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How to Prune Oregano

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Oregano is a perennial herb that can be grown in the garden or in containers. It is commonly used to add flavor to cooked dishes when used fresh or dried. Frequent pruning of oregano plants promote a steady supply of the herb and helps produce full, lush growth. Oregano is moderately winter hardy but requires some protection against the cold. Proper pruning minimizes winter damage. Though oregano remains evergreen in some climates, heavy pruning causes new growth that is easily damaged by frost.

Cut back the oregano to within 1 inch of the crown six weeks after planting or after new growth begins in spring. Do not cut into the crown, which is the area where the stems meet the roots. Leave at least one leaf on each stem.

Prune the plant back every six weeks throughout summer. Each pruning supplies foliage for kitchen use and forces new, fuller growth on the plant.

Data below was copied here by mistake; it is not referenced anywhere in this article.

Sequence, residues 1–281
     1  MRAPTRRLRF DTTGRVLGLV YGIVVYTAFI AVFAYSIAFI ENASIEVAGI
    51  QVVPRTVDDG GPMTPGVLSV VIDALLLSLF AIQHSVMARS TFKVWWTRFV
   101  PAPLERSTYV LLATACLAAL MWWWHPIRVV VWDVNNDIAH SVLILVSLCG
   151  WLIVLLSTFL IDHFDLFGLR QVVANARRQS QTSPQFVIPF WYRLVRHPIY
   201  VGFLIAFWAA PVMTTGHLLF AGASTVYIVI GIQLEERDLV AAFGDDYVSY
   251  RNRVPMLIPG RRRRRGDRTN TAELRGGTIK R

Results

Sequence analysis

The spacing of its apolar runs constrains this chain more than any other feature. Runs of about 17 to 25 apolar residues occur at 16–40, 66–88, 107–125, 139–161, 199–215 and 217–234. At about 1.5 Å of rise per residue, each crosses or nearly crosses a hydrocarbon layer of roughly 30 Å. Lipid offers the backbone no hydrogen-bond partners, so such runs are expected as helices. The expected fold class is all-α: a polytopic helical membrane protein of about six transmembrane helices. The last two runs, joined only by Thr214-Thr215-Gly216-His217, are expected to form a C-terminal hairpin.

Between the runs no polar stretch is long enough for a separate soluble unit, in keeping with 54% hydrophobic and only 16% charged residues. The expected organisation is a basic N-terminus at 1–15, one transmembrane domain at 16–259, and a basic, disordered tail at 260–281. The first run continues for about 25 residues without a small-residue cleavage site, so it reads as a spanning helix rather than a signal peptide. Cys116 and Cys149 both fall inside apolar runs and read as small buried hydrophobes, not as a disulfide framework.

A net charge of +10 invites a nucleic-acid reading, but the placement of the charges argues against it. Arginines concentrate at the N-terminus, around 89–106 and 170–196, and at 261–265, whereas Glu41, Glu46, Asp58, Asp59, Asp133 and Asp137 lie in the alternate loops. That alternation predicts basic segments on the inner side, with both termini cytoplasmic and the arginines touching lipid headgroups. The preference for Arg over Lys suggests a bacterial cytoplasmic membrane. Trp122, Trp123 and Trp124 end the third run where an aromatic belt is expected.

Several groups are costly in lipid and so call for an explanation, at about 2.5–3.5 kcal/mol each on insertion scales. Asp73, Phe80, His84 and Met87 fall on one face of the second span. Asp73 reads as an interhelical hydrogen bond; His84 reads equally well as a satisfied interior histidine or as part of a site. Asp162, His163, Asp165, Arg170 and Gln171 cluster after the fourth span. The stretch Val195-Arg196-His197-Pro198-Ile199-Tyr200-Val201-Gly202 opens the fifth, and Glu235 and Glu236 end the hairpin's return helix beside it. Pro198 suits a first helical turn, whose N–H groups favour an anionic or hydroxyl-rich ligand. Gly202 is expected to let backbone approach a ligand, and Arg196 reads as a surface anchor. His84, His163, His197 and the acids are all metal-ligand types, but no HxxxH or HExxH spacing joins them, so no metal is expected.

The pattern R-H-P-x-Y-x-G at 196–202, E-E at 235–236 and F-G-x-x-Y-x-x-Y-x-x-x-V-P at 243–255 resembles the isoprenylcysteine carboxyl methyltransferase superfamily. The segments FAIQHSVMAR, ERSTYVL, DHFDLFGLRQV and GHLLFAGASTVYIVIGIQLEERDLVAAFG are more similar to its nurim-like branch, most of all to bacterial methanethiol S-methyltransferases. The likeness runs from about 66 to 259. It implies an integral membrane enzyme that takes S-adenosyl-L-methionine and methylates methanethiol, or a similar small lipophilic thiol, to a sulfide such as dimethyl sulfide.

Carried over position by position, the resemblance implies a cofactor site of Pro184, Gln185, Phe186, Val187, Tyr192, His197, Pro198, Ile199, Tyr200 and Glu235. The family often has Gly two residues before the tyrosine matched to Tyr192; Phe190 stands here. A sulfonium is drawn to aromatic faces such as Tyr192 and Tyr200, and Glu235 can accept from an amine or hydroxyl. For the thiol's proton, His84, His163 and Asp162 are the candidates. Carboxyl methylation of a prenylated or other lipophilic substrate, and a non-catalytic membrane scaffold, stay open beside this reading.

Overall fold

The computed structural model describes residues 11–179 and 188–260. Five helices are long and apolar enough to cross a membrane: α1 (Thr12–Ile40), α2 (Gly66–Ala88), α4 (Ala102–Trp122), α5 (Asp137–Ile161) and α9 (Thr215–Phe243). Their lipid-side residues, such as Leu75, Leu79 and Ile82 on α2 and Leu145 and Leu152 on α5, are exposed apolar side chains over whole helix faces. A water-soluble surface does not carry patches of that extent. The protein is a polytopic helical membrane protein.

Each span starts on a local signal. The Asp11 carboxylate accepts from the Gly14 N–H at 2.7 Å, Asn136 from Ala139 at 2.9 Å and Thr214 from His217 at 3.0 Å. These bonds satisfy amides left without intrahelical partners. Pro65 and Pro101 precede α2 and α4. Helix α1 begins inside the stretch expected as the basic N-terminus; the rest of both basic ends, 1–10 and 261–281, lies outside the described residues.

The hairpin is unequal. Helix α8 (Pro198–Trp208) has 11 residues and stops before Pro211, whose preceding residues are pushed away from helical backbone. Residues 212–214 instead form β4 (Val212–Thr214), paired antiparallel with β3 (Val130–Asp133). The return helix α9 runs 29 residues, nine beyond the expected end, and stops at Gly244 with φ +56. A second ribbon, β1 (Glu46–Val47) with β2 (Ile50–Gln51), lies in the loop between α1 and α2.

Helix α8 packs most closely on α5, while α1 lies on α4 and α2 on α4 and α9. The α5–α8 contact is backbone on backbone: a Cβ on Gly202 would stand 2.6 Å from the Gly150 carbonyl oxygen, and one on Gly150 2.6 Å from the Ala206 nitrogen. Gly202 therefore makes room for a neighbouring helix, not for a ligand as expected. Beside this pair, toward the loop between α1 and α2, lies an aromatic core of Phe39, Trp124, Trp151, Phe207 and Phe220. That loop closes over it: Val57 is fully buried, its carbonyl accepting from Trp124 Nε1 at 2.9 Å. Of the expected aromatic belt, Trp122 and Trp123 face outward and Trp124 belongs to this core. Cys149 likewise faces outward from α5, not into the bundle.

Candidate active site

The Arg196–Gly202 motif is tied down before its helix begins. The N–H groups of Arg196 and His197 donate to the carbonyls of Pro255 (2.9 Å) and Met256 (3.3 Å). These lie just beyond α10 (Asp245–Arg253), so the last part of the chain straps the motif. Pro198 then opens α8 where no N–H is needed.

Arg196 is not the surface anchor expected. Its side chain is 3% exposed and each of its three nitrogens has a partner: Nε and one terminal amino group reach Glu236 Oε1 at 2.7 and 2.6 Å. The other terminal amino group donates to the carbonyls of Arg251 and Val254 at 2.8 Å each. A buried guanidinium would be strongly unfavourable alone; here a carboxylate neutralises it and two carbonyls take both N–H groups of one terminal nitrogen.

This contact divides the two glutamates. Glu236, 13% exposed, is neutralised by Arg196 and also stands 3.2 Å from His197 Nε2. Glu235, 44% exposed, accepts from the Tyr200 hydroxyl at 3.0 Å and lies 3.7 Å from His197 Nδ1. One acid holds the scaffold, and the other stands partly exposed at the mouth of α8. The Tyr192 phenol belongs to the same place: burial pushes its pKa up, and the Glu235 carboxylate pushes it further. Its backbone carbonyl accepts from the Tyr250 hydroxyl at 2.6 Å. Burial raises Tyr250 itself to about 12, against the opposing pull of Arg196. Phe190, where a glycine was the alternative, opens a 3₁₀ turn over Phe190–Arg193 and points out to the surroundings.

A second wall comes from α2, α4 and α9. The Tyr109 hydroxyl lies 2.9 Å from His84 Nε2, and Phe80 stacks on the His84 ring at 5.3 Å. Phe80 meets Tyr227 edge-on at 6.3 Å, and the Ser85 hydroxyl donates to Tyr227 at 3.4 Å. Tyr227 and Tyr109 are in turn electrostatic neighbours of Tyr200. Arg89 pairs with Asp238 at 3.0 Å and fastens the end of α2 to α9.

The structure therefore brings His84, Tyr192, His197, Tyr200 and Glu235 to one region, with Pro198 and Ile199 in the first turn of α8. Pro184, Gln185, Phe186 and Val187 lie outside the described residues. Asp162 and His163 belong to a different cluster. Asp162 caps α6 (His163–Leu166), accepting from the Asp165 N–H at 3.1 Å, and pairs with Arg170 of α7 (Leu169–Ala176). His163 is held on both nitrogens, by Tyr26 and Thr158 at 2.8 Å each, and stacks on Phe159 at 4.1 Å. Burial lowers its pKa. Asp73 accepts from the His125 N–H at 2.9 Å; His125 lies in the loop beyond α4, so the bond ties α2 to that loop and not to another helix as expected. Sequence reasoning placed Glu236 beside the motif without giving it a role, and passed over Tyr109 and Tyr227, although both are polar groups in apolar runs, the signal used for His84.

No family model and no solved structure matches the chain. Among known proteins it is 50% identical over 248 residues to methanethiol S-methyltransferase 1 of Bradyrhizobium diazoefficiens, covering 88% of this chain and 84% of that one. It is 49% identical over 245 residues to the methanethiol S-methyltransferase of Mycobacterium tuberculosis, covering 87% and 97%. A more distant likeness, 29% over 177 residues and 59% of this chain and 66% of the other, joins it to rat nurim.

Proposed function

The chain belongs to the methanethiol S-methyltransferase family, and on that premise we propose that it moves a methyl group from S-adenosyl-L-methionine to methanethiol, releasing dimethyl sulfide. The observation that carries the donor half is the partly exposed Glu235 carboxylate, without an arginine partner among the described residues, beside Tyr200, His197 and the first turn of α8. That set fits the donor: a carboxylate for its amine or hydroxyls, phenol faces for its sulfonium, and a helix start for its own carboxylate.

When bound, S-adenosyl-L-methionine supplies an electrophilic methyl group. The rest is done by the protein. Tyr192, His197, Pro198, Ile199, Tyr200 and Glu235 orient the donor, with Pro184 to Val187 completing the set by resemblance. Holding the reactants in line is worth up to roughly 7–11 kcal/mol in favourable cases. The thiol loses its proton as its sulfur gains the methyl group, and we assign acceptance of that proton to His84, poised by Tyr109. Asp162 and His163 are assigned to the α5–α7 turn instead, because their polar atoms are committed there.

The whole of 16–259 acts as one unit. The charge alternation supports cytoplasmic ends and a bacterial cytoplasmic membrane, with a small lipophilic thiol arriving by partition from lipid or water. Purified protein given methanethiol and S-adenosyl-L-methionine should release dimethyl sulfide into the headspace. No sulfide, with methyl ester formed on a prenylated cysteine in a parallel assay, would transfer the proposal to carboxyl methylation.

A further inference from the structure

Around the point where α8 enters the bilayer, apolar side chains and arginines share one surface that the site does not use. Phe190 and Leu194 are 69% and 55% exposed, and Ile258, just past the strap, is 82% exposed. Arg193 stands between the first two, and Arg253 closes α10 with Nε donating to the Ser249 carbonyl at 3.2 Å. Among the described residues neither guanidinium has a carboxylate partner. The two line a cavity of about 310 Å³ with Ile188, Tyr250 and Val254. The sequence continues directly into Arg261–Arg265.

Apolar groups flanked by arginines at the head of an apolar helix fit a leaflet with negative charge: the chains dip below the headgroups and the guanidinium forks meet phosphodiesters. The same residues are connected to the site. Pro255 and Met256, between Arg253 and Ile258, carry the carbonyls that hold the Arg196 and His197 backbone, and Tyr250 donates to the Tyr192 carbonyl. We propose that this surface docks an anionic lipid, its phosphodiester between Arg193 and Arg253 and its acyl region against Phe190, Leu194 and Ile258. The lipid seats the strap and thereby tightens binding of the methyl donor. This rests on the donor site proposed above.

Stop pruning the oregano in September, or eight weeks before the first expected fall frost. New growth forced from the last pruning requires time to mature enough to survive frost.

Trim off single stems for use during winter on evergreen oregano plants. Cut the stem back by up to half its length for daily use. Light pruning in this manner doesn't prompt tender new growth.

Prune Oregano

Oregano, a perennial herb, seasons spaghetti sauce and other Italian dishes. Cut back the stems of the oregano plant using pruning shears to a height of 2 or 3 inches about six weeks after planting. The term "deadhead" simply refers to removing dead or wilted flowers from the plant to make room for new growth. If the oregano plant gets plenty of sun and water, you may be able to harvest it every six to eight weeks. During dry or particularly hot summers, you may only need to prune your oregano once near the beginning of the season and once near the end. After pruning, new growth takes time to mature and if you prune your oregano plant too late in the season the new growth will not have time to mature before the first frost.


Dry the excess foliage after hard pruning in summer. Spread the leaves out in a dry, well-ventilated location for a week. Store the dried leaves in an airtight container.

Mulching helps oregano survive winter frost.

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